This year, as with every year, I find myself watching many a Christmas special. I tell you, I could watch Scrooge McDuck get the bejesus scared out of him by Pete as the Ghost of Christmas Future three or four times a year, but sadly these specials only come around once a year. Or, at the very least, one season a year – because goodness knows that they're now shown over and over again every year.
The one that still delights me more than any other though is one I always feel like gets short shrift – 'Twas the Night Before Christmas. I know that I've talked in the past about my great affection for this piece of Bass/Rankin genius, but I don't feel as though I've ever truly given the show its due.
As with many a Christmas special what the producers have done is taken a tale that probably takes around five minutes to tell, or, in this case read, and expanded it to roughly 24 minutes. In the case of something like How the Grinch Stole Christmas it was done by taking the basic premise and more fully exploring each situation. For 'Twas the Night Before Christmas such an approach couldn't really work. Clement C. Moore's poem is absolutely brilliant, but it doesn't necessarily lend itself to an expansion of what is contained within. Consequently, this special is more of a wholly separate story being dropped onto the poem.
The basic story of the animated show is pretty simple – Santa is angry at a town because one mouse, Albert, dared write that Santa was a "fraudulent myth." Santa has decided that the town in question – Junctionville – will not be getting a visit this year. A human clockmaker, Joshua Trundle (voiced by Joel Grey!), figures out how to get Santa to forgive the town – he creates a clock which will sing a song to Santa as he passes overhead on Christmas Eve.
Trundle's plan ought to work, except that Albert breaks the clock. That doesn't happen out of malice, just because Albert is curious. The entire question then in the show – which is told as a flashback – is whether or not the clock has been fixed and if Santa will come to Junctionville.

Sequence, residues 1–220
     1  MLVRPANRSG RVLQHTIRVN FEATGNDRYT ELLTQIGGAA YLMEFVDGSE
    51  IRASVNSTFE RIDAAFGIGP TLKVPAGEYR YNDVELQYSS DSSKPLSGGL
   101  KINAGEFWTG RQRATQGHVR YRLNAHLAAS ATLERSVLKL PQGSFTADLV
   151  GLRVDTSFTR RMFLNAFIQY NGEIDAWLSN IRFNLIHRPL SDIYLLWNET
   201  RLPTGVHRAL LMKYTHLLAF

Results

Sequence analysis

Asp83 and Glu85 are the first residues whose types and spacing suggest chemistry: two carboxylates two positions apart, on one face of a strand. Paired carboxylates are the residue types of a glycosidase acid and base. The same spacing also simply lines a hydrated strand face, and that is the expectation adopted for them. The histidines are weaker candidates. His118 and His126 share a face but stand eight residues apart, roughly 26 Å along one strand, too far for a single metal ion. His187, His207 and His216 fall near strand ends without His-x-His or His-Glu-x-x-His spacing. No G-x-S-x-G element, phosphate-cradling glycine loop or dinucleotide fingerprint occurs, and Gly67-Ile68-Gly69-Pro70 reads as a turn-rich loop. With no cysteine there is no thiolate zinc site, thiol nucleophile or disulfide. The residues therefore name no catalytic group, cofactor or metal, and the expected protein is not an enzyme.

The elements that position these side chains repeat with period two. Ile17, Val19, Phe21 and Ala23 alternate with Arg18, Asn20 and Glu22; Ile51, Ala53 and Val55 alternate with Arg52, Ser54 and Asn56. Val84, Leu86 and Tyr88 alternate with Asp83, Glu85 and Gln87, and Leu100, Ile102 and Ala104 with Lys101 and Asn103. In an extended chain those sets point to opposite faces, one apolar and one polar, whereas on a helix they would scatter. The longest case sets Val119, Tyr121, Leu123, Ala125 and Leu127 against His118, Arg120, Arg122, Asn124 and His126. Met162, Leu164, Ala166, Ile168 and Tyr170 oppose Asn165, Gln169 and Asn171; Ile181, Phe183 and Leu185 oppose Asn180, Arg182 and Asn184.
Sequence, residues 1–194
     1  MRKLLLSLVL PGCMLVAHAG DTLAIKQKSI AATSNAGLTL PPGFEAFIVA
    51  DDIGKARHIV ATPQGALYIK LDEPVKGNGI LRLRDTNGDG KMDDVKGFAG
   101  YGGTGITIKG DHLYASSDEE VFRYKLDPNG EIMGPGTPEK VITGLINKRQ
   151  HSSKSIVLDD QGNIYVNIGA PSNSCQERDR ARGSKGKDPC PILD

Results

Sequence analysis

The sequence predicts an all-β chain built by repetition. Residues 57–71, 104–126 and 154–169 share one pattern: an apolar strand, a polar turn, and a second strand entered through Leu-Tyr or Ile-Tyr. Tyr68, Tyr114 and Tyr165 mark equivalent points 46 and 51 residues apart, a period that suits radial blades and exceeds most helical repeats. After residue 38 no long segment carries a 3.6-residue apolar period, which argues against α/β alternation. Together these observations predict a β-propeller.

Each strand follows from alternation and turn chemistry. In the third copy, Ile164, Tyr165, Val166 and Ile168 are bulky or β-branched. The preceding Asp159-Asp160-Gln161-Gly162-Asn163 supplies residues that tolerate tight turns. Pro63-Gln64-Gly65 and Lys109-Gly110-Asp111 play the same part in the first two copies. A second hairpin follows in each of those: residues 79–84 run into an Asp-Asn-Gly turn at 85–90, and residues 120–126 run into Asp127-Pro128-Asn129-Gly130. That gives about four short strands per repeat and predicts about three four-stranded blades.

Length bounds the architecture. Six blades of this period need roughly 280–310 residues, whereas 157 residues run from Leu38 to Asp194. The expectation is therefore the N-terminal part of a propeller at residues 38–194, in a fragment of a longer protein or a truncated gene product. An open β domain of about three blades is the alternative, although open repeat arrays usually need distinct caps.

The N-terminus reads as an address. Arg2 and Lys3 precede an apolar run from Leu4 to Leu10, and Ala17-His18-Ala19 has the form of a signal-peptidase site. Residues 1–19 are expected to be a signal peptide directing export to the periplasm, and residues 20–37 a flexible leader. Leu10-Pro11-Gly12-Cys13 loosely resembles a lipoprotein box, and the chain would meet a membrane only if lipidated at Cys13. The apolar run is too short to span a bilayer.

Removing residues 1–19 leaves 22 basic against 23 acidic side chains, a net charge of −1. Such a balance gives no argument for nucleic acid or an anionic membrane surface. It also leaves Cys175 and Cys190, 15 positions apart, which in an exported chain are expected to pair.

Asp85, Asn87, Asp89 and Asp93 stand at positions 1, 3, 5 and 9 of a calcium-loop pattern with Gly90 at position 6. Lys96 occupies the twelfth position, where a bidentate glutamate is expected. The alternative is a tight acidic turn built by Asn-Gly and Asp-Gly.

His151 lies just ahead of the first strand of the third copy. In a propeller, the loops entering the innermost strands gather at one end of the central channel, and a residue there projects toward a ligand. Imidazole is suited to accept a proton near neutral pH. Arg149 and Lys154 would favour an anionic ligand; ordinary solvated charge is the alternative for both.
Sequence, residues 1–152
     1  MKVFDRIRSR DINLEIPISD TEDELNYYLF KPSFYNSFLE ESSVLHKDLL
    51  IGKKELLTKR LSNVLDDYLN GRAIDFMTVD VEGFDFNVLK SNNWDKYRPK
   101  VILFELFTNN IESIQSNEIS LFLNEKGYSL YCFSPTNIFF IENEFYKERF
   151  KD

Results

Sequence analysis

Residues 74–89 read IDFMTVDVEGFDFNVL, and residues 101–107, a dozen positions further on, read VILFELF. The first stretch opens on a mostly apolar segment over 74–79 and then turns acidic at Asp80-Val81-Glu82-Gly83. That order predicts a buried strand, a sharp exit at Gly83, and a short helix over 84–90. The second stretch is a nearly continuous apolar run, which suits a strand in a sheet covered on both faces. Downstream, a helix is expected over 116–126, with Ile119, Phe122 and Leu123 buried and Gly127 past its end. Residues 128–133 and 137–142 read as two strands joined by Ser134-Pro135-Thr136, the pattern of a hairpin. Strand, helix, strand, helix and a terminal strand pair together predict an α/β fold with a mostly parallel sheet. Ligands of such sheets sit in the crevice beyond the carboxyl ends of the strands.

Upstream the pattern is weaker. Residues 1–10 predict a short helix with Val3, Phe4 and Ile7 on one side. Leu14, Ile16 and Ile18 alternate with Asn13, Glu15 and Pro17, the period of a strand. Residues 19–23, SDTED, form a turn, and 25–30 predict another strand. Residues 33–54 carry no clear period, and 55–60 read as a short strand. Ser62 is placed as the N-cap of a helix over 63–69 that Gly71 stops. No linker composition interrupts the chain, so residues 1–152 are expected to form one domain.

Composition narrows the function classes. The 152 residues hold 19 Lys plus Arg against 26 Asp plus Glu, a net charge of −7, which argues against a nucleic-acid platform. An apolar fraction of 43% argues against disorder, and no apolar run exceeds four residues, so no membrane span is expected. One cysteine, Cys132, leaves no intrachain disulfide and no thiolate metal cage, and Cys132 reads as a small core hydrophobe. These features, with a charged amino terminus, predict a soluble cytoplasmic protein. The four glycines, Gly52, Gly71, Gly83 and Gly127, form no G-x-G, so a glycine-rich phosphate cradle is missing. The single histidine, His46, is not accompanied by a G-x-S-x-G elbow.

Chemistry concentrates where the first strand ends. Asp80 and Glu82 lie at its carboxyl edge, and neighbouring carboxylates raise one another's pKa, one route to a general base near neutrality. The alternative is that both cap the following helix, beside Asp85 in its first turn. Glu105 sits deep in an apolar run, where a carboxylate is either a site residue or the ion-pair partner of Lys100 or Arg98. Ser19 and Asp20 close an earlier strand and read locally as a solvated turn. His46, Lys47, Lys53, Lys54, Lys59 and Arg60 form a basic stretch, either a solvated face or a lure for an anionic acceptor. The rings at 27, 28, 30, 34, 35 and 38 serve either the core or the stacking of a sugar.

The special contains a few great songs, including one of my personal favorite Christmas songs ever – "Even a Miracle Needs a Hand." The song that Trundle puts into the clock, "Calling Santa," gets a better position in the story, but "Even a Miracle Needs a Hand" puts forth a set of ideas I like better. Sung by Trundle, the song comes forth at a moment when his children are terribly upset by the notion that Santa won't be coming and he tells them as he does what he can to fix the situation, "You hope and I'll hurry/You pray and I'll plan/We'll do what's necessary/Cause even a miracle needs a hand." It's a powerful idea and I think that's why it resonates so well. Trundle is telling his kids that there are two different aspects to making what you want come true – hoping as hard as you can hope and taking constructive action towards accomplishing the goal. For me, it's that song that make the entire special work.
Stylistically, rather than being claymation, Rankin/Bass produced this as more of a traditional animated piece. Stylistically the choice works – while focused on the same holiday, it doesn't feel like part of the same line of stories as Rudolph, The Year Without a Santa Claus, Santa Claus is Coming to Town. The entire story here may revolve around whether or not Santa is going to come, but Kringle himself is, until the very last moments, an idea who casts a shadow over the proceedings, not a full character. Those other tales have Santa in a much more central location, so the difference doesn't make it feel as though they've changed their intrinsic notion of the holiday.
That being said, the one issue I have with the show itself is the actual depiction of Santa himself. It may be true to the notion as put forth by Moore – that of a "right jolly old elf," but he's not Santa as I choose to see him (or, if you prefer, as the media has decided we should see him). It may sound like a small quibble, but for a show which works so perfectly to that point, the depiction of Santa is something of a letdown.
'Twas the Night Before Christmas doesn't get the same sort of respect as Rudolph or Frosty or The Year Without a Santa Claus, but it's going to be on ABC Family for their "25 Days of Christmas" at least twice on the 24th, so find it and watch. You won't regret it.